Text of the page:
The authors of a recent Zeus Trojan exploit, which targeted federal taxpayers, also set up a special honeypot trap for researchers who might investigate the attack. They set up a phony "administrative panel" that fed the researchers fake statistics on the number of Zeus-infected machines, as well as fake "botnet" software that actually gathered intelligence on any researcher who downloaded it. But wait, it gets better!
In addition to trapping researchers, the honeypot also targeted other botnet competitors, gathering information about them for later use too. So it turns out that there is no "honor among thieves". Who could have guessed?
According to an article on DarkReading.com by Kelly Jackson Higgins,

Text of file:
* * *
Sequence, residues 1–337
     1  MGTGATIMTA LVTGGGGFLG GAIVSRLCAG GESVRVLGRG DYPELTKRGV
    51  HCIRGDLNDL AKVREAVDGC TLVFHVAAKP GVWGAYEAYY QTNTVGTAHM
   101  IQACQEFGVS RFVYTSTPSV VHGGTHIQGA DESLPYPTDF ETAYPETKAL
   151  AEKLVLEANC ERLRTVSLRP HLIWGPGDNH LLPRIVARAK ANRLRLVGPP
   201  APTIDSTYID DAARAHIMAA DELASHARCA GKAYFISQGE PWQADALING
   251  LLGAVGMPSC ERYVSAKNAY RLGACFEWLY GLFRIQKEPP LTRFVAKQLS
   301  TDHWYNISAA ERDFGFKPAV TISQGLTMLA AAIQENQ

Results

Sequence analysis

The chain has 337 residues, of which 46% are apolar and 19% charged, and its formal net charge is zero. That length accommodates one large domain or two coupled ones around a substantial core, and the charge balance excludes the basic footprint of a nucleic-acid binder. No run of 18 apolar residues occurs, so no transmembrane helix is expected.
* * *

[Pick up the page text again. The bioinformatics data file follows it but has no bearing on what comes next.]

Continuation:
"Brett Stone-Gross, a researcher with The Last Line of Defense, discovered that attackers had set up a ruse for those trying to hack or access its administrative interface for the malware after studying the back-end malware server used in the EFTPS attack. The purpose appeared to be all about providing false information. Stone-Gross says the toolkit used in the attack came with an administrative interface that acts as a hacker's honeypot of sorts, gathering intelligence about the researchers or other users who try to access the console login or hack into it.
The login system to the "admin panel" practically begs to be hacked: It accepts default and easily guessed passwords as well as common SQL injection strings, according to Stone-Gross."
In other words, they made it easy to break into, but not so easy as to be obvious. Looks like at least one botnet crime group has been taking a Marketing course.